Daniel Burnham's Plan of Chicago 1909 is 100 years old. (The plan was completed with the assistance of city planner Edward H. Bennett and artist Jules Guerin.) The City of Chicago will celebrate the plan's birthday "with a yearlong festival of exhibitions and public events..." (Paul Golderger, The New Yorker, March 9, 2009).
Golderger writes engagingly about Daniel Burnham and "the most effective example of large-scale urban planning America has ever seen." Despite the effectiveness of the plan, Lewis Mumford and Jane Jacobs, almost half a century later, criticized Burnham's plan for its "monumental grandeur" and ignorance of neighborhoods.
In Burnham's defense, Golderberger points to the work of architectural historian Kristen Schaffer who "discovered that Burnham had some remarkable radical social notions" like day-care centers and better housing for the poor, though these parts of the Chicago plan were not implemented. Also, Burnham's public spaces, Golderberger argues, are people-oriented contrary to criticisms by Mumford and Jacobs. Golderberger cites North Michigan Avenue and Navy Pier as examples.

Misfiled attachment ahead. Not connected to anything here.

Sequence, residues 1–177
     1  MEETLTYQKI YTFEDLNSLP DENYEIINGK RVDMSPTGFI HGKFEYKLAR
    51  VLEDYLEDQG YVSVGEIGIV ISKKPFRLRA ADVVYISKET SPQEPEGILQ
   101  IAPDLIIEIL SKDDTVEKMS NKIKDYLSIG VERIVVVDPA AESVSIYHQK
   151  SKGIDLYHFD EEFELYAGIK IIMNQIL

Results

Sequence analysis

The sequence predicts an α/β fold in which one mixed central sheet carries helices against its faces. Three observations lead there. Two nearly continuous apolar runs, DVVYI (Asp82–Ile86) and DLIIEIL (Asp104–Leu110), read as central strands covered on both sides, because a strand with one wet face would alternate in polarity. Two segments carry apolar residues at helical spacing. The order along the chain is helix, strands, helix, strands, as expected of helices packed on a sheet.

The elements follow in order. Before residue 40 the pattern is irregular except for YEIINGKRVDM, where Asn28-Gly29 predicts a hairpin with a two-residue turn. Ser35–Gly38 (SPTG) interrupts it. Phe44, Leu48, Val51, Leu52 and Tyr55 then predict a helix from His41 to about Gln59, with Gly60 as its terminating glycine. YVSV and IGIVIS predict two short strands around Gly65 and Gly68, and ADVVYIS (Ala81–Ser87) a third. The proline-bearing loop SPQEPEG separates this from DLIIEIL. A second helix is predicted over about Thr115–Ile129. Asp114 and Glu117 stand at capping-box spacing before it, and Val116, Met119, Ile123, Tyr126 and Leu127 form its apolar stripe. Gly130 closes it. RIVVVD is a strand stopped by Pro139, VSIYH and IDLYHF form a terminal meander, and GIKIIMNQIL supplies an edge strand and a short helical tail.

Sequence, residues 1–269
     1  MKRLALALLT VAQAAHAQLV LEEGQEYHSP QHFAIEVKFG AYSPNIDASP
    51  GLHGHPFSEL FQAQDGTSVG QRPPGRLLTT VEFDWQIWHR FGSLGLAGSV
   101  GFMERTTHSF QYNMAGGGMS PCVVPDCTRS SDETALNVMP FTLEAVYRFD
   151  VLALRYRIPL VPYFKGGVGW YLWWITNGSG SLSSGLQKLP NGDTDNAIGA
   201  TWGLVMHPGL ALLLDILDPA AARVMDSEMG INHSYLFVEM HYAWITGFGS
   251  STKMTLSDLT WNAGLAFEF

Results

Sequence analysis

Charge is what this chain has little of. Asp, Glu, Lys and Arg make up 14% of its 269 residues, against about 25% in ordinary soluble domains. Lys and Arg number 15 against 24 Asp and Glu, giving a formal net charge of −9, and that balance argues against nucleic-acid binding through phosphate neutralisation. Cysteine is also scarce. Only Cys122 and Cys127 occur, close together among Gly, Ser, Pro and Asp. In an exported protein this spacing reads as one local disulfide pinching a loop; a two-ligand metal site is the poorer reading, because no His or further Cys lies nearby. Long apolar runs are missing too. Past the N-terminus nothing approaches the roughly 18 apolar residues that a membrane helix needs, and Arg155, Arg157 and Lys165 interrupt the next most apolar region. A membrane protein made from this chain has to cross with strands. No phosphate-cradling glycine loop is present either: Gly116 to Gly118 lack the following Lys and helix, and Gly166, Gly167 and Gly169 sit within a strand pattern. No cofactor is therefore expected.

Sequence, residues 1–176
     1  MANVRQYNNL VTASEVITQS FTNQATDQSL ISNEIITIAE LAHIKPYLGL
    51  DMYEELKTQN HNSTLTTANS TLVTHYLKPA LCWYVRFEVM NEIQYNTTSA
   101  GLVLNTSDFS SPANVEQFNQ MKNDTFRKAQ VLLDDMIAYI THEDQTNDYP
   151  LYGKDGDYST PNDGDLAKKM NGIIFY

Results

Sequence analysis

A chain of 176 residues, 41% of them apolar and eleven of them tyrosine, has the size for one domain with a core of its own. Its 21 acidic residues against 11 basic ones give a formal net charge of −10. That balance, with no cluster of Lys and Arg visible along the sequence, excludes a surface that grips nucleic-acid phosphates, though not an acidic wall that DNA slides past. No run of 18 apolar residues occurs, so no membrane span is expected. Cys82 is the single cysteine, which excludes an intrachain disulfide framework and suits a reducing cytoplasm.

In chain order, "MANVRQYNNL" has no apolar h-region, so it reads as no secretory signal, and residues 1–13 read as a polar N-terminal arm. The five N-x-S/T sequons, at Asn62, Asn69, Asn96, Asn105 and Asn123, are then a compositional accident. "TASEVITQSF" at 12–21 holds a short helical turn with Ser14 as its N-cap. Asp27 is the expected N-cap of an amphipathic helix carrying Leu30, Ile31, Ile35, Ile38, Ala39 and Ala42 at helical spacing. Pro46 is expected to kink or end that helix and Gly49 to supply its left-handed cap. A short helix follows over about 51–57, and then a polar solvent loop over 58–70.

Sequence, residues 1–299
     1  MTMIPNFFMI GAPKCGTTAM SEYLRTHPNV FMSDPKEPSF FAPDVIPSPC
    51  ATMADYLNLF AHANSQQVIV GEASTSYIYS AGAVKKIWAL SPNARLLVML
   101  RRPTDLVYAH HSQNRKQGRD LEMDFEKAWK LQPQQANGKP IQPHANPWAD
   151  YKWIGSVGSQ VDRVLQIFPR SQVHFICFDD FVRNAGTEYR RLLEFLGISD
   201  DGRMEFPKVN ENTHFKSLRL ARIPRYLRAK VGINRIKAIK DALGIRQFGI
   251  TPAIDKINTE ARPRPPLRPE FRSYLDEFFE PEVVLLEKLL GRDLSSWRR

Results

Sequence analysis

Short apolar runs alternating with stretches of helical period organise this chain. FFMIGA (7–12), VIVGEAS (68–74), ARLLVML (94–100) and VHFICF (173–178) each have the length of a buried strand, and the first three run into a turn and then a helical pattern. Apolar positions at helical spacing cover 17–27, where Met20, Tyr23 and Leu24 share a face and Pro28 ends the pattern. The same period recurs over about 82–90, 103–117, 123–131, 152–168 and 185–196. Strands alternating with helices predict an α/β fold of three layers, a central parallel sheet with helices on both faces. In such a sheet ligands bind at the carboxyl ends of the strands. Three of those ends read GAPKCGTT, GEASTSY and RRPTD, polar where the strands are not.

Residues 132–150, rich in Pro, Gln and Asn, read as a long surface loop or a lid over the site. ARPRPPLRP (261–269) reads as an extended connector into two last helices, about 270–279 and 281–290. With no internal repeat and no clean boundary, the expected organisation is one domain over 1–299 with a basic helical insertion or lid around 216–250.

In Chicago last summer, I walked along the waterfront, saw (bustling) Navy Pier from a distance, strolled through North Burnham Park, lingered on the grounds of the Museum of Science and Industry, and gazed over the lagoons around Wooded Island.
Access to such a lengthy waterfront is refreshing (Golderberger points out that other American cities have "obstructed" their waterfronts with highways and industrial land uses), the parks are variable and well used, and the museums beckon locals and tourists alike. Although Millennium Park was not in the original plan, the view of the city from Lurie Garden underscores the beauty of a plan like Burnham's, which continues to influence this Urbs in Horto or City in a Garden.